Investors turned upbeat on the stock on hopes that more institutional investors may buy a stake in the exchange after an order by FMC, the commodity market regulator, dictated Financial Technologies (FTIL) to bring down its stake in MCX from 26% to 2%. In a late night order issued on Tuesday, FMC deemed FTIL, the parent company of MCX along with its promoter Jignesh Shah, not fit and proper to run a commodity exchange.
After opening in green, the MCX share rallied as much as 11.8% to R435 before ending the session at R421.35 , up R32.25, or 8.3%. In the early trading hours, the stock had gained close to 9% after a filing showed that FMC allowed Blackstone GPV Capital to increase its stake in MCX from 1.99% to up to 4.99% through secondary market purchases.
Other prominent institutional investors that hold more than 2% in MCX include, IFCI, Nabard, Euronext, Aginyx Enterprise, Valiant Mauritius Partners, Merrill Lynch and Corporation Bank.
Citing the recent stake sale of rival National Commodity Derivatives Exchange (NCDEX), market experts say any transfer of ownership in MCX would take place at lucrative valuations given that it is the most profitable commodity derivatives exchange of India.
In mid-November this year, the MCX stock rallied 17.5% to R512.95, its highest daily gain in a year after it emerged that Jaypee Capital Services, previously the anchor investor of NCDEX, sold 5.3% of its stake in the exchange to Oman India Joint Investment Fund (OIJIF) at R192 a share. The deal took place at a 2.1% premium to another transaction by the same parties in which 4.7% of NCDEX stake changed hands at R188 per share.
MCX is considered the number one commodity derivatives exchange with its strong hold on the non-agri-commodity offerings while NCDEX is deemed leader in the agricultural segment. As on Wednesday, the total marketcap of MCX was R2,148.8 crore. In fiscal 2012-13, its total revenue and net profit stood at R523.9 crore and R299 crore, respectively.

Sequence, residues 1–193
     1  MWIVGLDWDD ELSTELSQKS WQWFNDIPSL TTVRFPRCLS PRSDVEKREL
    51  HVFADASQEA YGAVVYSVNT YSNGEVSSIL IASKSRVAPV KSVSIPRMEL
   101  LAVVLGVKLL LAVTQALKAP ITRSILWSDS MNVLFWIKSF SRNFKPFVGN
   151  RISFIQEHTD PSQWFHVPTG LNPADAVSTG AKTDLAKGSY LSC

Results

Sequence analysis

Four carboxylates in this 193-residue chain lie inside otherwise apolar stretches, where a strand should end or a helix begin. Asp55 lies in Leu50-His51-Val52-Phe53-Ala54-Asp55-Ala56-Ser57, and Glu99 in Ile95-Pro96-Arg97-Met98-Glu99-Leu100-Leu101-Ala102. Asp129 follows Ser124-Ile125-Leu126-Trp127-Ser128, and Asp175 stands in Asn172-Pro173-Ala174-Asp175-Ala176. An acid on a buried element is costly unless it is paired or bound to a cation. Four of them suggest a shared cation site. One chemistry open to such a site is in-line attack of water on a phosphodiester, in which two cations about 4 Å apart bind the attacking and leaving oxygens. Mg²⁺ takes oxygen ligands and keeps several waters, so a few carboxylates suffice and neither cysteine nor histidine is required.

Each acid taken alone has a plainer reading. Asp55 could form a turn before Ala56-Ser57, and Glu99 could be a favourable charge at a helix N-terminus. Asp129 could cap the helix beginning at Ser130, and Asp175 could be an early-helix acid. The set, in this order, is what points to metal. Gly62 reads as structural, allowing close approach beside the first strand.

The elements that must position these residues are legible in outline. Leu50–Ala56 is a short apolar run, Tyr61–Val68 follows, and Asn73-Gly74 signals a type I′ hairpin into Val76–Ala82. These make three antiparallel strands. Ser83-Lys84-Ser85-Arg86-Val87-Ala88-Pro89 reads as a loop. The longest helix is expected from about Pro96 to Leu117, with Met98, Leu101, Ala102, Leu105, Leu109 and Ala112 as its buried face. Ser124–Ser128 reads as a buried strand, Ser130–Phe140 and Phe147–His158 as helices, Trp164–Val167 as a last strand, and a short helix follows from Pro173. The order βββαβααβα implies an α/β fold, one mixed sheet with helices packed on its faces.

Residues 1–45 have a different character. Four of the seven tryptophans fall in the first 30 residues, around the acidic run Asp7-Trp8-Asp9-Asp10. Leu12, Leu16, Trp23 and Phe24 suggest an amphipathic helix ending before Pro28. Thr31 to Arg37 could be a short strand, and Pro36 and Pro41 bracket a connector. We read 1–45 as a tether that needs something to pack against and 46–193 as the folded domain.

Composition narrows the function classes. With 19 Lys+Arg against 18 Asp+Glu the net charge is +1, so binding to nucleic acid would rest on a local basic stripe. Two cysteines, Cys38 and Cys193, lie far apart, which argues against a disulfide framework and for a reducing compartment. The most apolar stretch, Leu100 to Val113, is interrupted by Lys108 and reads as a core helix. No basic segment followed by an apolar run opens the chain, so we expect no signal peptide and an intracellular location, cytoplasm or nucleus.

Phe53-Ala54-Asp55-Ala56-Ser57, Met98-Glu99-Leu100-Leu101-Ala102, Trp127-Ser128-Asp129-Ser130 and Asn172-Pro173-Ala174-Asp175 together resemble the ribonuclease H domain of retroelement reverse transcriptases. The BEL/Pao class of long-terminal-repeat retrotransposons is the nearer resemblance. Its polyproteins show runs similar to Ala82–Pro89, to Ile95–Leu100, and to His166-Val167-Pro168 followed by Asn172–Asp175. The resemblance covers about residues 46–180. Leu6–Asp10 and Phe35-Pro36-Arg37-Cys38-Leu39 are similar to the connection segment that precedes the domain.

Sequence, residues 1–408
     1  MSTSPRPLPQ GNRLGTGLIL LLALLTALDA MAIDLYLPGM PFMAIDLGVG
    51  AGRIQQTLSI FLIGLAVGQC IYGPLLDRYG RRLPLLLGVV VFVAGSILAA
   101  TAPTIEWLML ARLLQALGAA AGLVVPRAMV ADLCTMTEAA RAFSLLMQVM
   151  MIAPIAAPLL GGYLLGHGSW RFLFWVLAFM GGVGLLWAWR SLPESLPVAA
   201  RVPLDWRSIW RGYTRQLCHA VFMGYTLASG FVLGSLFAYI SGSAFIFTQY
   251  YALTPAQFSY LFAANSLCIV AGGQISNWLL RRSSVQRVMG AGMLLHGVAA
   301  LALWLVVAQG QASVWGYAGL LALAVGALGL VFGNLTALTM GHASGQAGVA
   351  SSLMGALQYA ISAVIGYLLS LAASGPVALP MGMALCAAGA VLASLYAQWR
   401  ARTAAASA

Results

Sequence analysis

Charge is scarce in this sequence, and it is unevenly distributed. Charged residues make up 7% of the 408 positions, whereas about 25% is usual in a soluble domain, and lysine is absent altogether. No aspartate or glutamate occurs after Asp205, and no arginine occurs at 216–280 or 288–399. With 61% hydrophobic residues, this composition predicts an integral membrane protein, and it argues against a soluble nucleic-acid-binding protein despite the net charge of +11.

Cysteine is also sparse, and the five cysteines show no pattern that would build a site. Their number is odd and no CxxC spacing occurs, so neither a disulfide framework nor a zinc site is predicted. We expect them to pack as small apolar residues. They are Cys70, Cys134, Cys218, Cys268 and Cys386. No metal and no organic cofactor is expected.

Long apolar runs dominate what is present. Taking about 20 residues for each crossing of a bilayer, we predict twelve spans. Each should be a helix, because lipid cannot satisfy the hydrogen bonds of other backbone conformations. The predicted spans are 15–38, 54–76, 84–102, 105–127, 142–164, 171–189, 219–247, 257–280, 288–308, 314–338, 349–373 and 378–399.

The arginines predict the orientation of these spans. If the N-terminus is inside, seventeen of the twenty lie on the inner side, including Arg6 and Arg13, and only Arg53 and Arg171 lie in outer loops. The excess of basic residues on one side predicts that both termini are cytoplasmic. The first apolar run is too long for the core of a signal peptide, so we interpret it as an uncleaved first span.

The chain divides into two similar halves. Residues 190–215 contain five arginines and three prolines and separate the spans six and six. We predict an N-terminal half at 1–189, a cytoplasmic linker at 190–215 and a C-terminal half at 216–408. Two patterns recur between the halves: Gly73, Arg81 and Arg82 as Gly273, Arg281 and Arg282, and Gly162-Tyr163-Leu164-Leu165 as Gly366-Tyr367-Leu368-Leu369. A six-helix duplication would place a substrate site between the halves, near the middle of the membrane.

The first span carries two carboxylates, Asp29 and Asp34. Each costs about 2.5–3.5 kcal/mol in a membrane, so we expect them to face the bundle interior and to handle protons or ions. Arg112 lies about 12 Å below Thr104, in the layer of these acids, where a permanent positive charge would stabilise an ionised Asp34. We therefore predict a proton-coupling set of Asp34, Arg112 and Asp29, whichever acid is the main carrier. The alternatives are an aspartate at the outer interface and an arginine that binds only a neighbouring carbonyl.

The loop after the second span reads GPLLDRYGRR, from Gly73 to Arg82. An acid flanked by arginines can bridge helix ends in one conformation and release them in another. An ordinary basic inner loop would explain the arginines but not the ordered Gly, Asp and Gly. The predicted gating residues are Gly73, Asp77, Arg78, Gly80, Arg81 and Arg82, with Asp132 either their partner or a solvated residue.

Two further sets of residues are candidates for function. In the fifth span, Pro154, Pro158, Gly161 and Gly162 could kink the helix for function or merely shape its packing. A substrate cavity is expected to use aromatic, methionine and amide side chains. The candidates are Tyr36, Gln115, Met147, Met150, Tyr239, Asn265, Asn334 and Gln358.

The FMC order has significant positive implications for MCX. The exchange's credibility would increase as it is distanced from the tarnished image of its promoters. Further, the new board and management of MCX may review the terms of contracts it holds with FTIL for providing exchange software. Currently, these terms are more in favour of FTIL, said an analyst with a domestic broking house.
As per analysts, over and above a fixed charge of R1.8 crore a month, FTIL also bills its subsidiary a variable cost on 12.5% of the turnover on MCX during a transaction period. This is an unusual contract based on revenue sharing unlike global exchanges where such charges are fixed costs. The new management may decide to outsource these technology contracts to global players, said another analyst.
Industry experts said while the imposition of a Commodity Transaction Tax (CTT) largely applicable to non-agri commodities since early July weighed on the market valuation of MCX, the R5,575 crore scam at its sister concern, the National Spot Exchange (NSEL), and the additional margins of 5% on some commodities for a period of two months since September 2013 brought down its valuations quite significantly. During the three months to September, in which the exchange's trading volume dipped by more than 45%, it reported a y-o-y fall of 67% in its net earnings to R27.1 crore.
Since July 2013, MCX had lost more than 30% or R2,616 crore of its market capitalisation, about one fifth of which was eroded after the settlement crisis at NSEL emerged in August. At the time of its listing on the exchanges in March 2012, MCX commanded a marketcap of R6,600 crore, which peaked at R8,131 crore in November last year.